Troy Vincent told Adrian Peterson he would not be subject to new personal conduct policy
Troy Vincent admitted at Adrian Peterson’s suspension appeal hearing that he told the running back he would not punished under the league’s new personal conduct policy guidelines. Unfortunately for Peterson, other factors suggest that may not be enough to overturn his suspension.
Adrian Peterson was told by the NFL that he would not be subject to the league’s stricter personal conduct policy before being handed an indefinite suspension, according to Bloomberg News. Peterson submitted a transcript of his conversation with Troy Vincent at his suspension appeal hearing, in which the NFL’s vice president of football operations reportedly let Peterson know, in no uncertain terms, that the running back would not be subject to the league’s automated six-game suspension for first time offenses of domestic violence.
“So remember this, A.P.,” Vincent reportedly told Peterson. “You’re not, today, you are not subject to the, to the new Personal Conduct Policy.”
Peterson was suspended for the rest of the 2014 season, and perhaps longer, in November upon pleading no contest to misdemeanor assault charges, resolving his indictment on felony child abuse charges in September. Conveniently, the Vikings had six games remaining in the season when the NFL suspended Peterson, suggesting that, despite Vincent’s assurances, the Minnesota Vikings running back was subject to the new personal conduct policy.
Vincent confirmed that he made those assurances during his testimony in front of arbitrator Harold Henderson. Via Bloomberg:
Jeffrey Kessler, an attorney for Peterson, asked Vincent: “My question is you were telling him he was not subject to the new Personal Conduct Policy; is that right?”
Vincent responded yes. Asked how he knew, Vincent said, “I was just taking that based off when his crime was committed.”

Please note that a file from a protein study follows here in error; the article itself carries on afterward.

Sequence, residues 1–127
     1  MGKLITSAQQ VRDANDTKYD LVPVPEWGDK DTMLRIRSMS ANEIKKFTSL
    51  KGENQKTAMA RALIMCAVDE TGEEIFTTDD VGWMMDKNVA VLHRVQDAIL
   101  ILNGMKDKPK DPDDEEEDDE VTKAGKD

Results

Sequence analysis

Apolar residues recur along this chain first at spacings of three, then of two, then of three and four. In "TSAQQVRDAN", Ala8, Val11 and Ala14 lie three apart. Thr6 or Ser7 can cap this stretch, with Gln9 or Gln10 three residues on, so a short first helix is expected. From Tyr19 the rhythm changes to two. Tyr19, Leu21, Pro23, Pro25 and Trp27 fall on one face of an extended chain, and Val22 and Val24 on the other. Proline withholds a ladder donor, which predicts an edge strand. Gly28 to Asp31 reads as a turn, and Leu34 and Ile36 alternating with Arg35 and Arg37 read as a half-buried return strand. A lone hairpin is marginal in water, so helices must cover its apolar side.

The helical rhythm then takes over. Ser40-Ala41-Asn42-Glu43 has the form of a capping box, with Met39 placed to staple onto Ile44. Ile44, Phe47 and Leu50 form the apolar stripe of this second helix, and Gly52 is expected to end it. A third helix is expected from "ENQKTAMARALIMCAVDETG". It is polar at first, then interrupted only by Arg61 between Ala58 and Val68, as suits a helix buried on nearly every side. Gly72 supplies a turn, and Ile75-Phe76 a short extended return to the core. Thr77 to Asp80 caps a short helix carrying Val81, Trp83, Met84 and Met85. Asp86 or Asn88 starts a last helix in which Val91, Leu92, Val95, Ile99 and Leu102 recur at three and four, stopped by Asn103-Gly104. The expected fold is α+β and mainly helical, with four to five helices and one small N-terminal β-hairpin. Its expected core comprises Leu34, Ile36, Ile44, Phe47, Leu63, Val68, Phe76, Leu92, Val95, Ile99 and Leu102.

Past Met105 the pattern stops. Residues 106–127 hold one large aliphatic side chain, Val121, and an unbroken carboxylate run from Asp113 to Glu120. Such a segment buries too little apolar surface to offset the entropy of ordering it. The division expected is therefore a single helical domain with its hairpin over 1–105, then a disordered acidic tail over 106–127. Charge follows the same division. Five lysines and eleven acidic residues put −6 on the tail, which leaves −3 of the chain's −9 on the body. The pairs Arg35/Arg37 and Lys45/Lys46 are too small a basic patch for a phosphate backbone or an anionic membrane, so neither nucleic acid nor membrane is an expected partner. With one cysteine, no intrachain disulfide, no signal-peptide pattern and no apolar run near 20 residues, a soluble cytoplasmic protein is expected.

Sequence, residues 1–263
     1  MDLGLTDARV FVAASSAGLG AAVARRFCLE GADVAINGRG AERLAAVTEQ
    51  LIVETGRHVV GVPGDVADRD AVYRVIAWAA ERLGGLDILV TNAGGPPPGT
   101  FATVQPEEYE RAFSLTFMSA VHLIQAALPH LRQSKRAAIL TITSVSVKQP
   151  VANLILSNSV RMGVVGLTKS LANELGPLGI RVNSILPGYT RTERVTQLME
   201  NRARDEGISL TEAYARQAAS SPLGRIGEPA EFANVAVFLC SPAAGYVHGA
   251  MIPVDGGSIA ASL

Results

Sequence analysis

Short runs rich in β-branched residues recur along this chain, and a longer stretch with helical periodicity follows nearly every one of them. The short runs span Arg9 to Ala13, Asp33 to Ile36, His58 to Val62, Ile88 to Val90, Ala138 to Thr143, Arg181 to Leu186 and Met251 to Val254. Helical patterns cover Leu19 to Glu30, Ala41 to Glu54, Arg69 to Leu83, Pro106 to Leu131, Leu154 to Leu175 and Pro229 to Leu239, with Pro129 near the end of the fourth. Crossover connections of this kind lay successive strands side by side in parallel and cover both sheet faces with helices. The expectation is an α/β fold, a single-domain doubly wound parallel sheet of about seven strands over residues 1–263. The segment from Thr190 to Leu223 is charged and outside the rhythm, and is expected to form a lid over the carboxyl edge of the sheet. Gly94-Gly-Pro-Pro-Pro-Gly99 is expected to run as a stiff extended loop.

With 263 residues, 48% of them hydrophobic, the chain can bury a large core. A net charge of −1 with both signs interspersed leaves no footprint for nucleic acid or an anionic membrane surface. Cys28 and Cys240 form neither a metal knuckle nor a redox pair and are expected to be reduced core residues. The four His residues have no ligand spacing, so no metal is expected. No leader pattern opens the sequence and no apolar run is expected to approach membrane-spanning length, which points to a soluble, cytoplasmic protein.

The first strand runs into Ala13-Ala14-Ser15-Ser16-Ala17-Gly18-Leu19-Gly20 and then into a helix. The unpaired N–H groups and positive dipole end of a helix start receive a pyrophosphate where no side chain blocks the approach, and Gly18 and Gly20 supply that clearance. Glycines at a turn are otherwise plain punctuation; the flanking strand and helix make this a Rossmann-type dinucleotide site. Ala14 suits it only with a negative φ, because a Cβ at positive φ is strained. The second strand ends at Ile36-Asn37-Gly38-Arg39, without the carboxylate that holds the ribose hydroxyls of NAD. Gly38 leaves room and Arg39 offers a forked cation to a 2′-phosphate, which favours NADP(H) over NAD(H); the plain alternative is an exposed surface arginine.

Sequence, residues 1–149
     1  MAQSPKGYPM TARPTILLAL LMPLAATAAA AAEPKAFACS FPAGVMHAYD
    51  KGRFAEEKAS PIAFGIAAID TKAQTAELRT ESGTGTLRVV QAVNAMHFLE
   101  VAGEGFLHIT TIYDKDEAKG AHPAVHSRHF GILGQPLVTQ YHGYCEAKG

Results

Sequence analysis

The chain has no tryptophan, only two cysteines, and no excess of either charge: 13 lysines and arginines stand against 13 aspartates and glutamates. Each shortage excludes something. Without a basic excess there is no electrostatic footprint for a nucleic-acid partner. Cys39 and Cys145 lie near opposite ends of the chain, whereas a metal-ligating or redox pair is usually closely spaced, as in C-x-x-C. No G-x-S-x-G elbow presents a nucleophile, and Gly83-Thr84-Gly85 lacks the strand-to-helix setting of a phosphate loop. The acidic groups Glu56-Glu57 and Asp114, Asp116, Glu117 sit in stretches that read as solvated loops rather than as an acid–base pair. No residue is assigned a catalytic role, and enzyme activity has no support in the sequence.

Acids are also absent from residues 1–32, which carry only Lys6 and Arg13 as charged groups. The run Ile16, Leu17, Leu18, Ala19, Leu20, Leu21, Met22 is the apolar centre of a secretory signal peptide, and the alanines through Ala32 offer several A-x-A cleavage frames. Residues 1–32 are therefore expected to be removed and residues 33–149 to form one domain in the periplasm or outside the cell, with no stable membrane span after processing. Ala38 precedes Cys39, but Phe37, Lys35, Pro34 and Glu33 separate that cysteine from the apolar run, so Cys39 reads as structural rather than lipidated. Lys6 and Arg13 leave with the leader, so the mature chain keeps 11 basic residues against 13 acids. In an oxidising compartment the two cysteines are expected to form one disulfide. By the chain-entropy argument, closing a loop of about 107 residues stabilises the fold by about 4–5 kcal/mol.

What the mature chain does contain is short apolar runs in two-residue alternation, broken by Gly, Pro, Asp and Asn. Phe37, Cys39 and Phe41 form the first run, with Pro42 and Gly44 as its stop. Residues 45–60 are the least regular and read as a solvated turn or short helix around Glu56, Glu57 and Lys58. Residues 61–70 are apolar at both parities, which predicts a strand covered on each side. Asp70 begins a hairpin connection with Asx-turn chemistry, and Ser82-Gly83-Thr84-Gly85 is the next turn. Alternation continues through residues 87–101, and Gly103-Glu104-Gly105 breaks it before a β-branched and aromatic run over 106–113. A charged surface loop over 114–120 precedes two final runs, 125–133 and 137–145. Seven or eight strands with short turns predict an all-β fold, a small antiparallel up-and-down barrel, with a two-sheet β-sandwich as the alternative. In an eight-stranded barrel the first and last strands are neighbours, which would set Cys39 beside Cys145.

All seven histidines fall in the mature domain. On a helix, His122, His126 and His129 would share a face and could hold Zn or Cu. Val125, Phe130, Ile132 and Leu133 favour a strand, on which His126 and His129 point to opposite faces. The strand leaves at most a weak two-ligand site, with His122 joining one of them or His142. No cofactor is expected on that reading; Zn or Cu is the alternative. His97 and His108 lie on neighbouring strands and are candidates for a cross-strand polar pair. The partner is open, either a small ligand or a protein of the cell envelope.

Said Kessler: “Your understanding as the Executive Vice President of the National Football League, in your position, was that the new Personal Conduct Policy would only apply going forward, correct, not the past behavior?”
“Correct,” Vincent testified before arbitrator Harold Henderson, who spent 16 years at the NFL overseeing player and labor relations.
“And that is what you were conveying to Adrian?” asked Kessler.
“Yes,” Vincent said.
Peterson hasn’t played since Week 1 because of the child abuse case. He was deactivated for Week 2, then placed on the NFL’s exempt/comissioner’s permission list. While on the exempt list, Peterson continued to receive pay and the Vikings were able to replace his spot on the 53-man roster. Still, Peterson has argued that he was told that his time on the list would count as “time served,” and that his understanding was that he would be reinstated upon the resolution of his legal obligations.
Whether Peterson will win his appeal could hinge on how Henderson interprets Peterson’s decision to skip a disciplinary meeting. Though Vincent admits he told Peterson he would not be subject to the new personal conduct policy, a report by USA Today suggested that Vincent’s assurances depended on Peterson attendance at the meeting, which Peterson protested.
Henderson could also determine that Vincent didn’t have the authority to interpret Peterson’s potential discipline based on Vincent’s testimony.
An attorney for the NFL, Daniel Nash, during the arbitration hearing asked Vincent if in his position he’s responsible for interpreting the Personal Conduct Policy for the league.
“No, sir,” Vincent said.
Nash then asked Vincent if he’s responsible, or has ever been responsible, in either assessing discipline for child abuse cases or evaluating discipline under the conduct policy.
“No, sir,” he said.
The result of the hearing, if no settlement is reached, could come down to semantics. Peterson’s missed hearing seems to give the NFL the out it didn’t have when a judge ruled that the league’s imposition of an indefinite suspension on Ray Rice was “arbitrary.” The fact that Henderson used to work in the NFL front office as the executive vice president for labor relations may not help Peterson’s cause.